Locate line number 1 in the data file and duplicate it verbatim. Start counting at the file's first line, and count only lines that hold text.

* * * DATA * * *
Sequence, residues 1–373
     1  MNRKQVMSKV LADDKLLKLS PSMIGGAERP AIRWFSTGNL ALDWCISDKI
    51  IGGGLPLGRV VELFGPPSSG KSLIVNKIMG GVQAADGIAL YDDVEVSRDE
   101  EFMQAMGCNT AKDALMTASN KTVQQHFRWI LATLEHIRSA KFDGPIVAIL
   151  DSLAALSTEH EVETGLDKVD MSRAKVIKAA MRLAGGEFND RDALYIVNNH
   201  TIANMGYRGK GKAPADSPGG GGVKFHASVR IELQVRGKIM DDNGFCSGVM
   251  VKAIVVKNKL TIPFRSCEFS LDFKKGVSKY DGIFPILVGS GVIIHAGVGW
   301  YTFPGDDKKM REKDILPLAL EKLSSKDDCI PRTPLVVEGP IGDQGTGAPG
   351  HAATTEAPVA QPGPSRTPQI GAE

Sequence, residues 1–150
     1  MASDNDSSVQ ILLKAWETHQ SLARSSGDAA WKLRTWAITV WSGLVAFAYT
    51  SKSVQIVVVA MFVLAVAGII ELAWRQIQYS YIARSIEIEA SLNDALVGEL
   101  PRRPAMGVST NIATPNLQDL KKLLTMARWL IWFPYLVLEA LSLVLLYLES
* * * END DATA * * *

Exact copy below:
Sequence, residues 1–373